Alexandria Gazette: "Decapitated Body Found on Duke Street Railroad Tracks. The body of a man, cut in half at the waist, was discovered early today on the Richmond, Fredericksburg & Potomac Railroad tracks at the Duke Street underpass, Alexandria police revealed this morning. The victim of a train, he was identified as Albert Lambert Praska, 42, who had been a resident at the Duke Street motel until he checked out March 9. The body was discovered by Kirk L. Linton, an engineer for the railroad, who was bringing a train into the Union Station at 1:30 A.M. Linton told Pvt. G. Logwood of the Alexandria Police Dept. that he saw what he thought was a bundle of papers beside the track, but realized as the train approached the spot that it was part of a body. Railroad officials and police theorized that an earlier train which entered on the same track at 10:37 P.M. had struck Praska."

On November 25, 1961, Kirk L. Linton was the engineer who made the "last run" of Southern locomotive number 1401 as it was driven to it's final resting place inside the Smithsonian's Museum of American History. Kirk drove the 1926, Pacific Type Steam Locomotive from Potomac Yards to 6th and C Streets in Washington, D.C. and into the museum under construction. Southern 1401 was made by American Locomotive Company at the Richmond Works in July 1926. It was in passenger service from 1926 until 1951.

On November 26,1961, Kirk Louis Linton (1914-1987) was the Richmond Fredericks & Potomac Railroad engineer who made the "last run" of Southern locomotive number 1401, as it was driven to it's final resting place inside of, the under construction, Smithsonian's Museum of American History.

Kirk drove the 1926, Pacific Type Steam Locomotive from Potomac Yards to a rail spur in Washington, D.C., Then two 250-ton-capacity railway steam cranes, of the Southern Railroad, lifted 1401 from the rail spur located about two miles from downtown. The two cranes set the engine on a special, 200-ton-capacity, multi tire trailer. Late on the night of November 25, and early on the morning of November 26, 1961, the engine and its tender were moved, part of the way on Constitution Avene, to its new home. Another eleven days were required to place the engine and tender in the museum. The east end of the new Smithsonian's Museum of American History was completed around the installed 1401. In January 1964, the Smithsonian's Museum of American History opened to the public.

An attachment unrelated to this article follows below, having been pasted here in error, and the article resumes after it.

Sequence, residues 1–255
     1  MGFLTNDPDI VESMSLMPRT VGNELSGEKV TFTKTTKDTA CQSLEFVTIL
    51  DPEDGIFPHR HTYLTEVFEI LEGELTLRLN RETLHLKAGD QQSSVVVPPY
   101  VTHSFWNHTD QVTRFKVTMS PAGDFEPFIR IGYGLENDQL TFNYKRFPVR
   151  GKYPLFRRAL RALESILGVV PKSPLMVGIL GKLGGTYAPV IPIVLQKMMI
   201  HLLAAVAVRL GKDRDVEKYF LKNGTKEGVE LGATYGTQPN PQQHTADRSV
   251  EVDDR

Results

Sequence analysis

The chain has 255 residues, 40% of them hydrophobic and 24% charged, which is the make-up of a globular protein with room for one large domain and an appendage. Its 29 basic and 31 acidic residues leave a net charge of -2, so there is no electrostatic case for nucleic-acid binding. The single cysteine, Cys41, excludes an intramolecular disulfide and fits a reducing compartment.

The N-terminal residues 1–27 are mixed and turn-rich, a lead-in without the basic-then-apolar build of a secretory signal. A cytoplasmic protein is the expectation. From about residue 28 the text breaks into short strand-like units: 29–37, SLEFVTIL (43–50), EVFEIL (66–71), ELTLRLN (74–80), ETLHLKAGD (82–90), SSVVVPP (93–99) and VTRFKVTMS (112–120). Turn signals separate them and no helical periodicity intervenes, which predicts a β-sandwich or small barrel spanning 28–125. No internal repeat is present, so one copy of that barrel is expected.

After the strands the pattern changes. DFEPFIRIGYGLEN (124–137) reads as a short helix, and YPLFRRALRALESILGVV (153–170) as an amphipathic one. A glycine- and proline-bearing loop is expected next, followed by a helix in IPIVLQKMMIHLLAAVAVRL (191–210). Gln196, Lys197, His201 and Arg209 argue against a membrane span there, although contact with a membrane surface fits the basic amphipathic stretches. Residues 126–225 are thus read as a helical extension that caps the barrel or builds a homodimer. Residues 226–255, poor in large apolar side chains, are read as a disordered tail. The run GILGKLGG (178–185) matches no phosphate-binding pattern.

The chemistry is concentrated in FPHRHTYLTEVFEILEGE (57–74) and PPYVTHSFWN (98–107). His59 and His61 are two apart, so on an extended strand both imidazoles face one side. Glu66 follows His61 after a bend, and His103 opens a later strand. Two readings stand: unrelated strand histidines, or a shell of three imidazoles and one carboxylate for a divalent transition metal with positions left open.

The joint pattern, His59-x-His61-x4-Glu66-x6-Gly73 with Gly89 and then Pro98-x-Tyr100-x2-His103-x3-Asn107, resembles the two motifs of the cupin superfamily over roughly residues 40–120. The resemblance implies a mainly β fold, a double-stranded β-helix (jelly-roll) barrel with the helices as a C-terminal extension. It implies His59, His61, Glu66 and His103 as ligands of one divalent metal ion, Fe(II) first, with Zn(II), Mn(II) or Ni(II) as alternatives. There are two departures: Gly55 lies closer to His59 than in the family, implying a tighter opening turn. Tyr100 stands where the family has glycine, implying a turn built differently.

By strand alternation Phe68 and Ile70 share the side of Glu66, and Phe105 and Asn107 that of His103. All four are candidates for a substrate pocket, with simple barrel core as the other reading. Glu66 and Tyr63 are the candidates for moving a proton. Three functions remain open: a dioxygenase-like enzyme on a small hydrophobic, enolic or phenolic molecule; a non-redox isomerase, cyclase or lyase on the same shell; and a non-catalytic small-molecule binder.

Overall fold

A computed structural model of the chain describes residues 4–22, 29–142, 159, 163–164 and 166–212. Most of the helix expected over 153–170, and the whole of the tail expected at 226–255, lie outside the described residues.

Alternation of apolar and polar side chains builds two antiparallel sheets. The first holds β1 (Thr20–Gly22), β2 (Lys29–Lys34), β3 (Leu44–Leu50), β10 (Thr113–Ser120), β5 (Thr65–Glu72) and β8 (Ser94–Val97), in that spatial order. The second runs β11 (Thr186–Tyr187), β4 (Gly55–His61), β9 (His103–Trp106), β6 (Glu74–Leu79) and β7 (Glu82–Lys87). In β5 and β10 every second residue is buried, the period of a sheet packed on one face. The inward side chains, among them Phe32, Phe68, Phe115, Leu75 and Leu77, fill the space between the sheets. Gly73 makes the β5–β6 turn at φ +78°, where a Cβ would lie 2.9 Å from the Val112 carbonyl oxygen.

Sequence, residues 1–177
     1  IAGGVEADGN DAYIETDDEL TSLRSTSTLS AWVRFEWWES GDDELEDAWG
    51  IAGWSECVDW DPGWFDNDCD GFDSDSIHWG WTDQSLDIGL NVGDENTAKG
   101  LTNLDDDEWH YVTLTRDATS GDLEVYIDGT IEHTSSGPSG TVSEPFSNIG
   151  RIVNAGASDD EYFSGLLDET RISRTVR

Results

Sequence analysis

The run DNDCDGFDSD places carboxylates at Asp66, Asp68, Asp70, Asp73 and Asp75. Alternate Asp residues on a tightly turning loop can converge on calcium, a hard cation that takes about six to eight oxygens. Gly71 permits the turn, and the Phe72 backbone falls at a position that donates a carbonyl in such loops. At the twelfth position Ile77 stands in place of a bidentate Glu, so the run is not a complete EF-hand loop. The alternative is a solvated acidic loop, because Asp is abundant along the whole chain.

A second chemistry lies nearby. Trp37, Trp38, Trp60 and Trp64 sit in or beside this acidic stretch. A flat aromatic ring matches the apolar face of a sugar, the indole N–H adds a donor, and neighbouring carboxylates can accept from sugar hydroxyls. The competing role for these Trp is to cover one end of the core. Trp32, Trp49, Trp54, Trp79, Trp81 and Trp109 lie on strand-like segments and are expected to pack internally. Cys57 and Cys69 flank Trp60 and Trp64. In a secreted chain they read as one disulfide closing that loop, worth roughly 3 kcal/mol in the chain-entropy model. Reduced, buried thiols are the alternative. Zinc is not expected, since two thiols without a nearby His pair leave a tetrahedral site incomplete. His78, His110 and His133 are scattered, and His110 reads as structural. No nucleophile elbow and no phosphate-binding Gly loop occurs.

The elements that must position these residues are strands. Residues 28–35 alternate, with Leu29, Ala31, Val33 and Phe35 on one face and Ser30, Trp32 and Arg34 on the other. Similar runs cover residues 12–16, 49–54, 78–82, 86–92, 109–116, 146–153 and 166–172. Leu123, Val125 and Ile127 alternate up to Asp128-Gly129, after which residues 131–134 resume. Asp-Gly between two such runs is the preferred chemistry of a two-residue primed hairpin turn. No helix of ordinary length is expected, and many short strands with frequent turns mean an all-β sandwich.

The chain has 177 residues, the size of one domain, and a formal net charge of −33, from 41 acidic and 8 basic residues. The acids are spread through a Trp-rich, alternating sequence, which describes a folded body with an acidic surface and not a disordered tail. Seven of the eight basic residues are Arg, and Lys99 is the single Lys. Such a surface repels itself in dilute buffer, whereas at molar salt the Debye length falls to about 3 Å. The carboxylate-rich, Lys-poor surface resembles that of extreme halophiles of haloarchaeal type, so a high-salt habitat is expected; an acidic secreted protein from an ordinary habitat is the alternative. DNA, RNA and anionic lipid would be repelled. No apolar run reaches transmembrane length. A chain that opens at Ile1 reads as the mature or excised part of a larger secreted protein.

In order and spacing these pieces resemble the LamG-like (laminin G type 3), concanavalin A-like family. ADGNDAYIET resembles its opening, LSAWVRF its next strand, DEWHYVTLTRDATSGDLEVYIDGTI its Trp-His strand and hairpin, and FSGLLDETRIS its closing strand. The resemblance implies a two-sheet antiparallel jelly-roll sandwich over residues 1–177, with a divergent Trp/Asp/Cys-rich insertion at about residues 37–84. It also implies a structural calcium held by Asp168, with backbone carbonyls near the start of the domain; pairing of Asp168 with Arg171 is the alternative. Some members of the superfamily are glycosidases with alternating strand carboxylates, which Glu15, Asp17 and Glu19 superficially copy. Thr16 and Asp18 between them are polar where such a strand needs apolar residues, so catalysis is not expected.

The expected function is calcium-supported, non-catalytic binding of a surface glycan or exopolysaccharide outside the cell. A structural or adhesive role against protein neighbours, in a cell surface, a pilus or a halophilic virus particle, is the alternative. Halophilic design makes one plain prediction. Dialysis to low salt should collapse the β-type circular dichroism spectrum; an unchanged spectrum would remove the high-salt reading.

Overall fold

Kirk farmed the Linton Family Farm until 1964, when Fairfax County condemned the Charles E. Linton estate for the purpose of building a new county school named Fort Hunt Elementary School.

Kirk and family moved off of the Linton Family Farm in 1964. They moved to Plymouth Heaven. Which is located just north of Kirk's great-grandfather, Doctor Lewis Colbert Linton's, Sheridan Point Plantation now known as Fort Hunt and Potomac Valley Subdivision.

On January 15, 1971, Kirk was appointed the Administrator of the Estate of his brother, Theodore Francis Linton (1917-1970).

Kirk Louis Linton retired from the Richmond, Fredericksburg & Potomac Railroad on April 1, 1979 after 39 years.

Kirk, after retiring from the Richmond, Fredericksburg & Potomac Railroad, Kirk and Evelyn moved to Spotsylvania County, Virginia.

Kirk Louis Linton died on July 18, 1987, in Mary Washington Hospital, Fredericksburg, Virginia. Kirk was buried at Mount Comfort Cemetery, Fairfax County, Virginia. Kirk was buried next to his father and mother.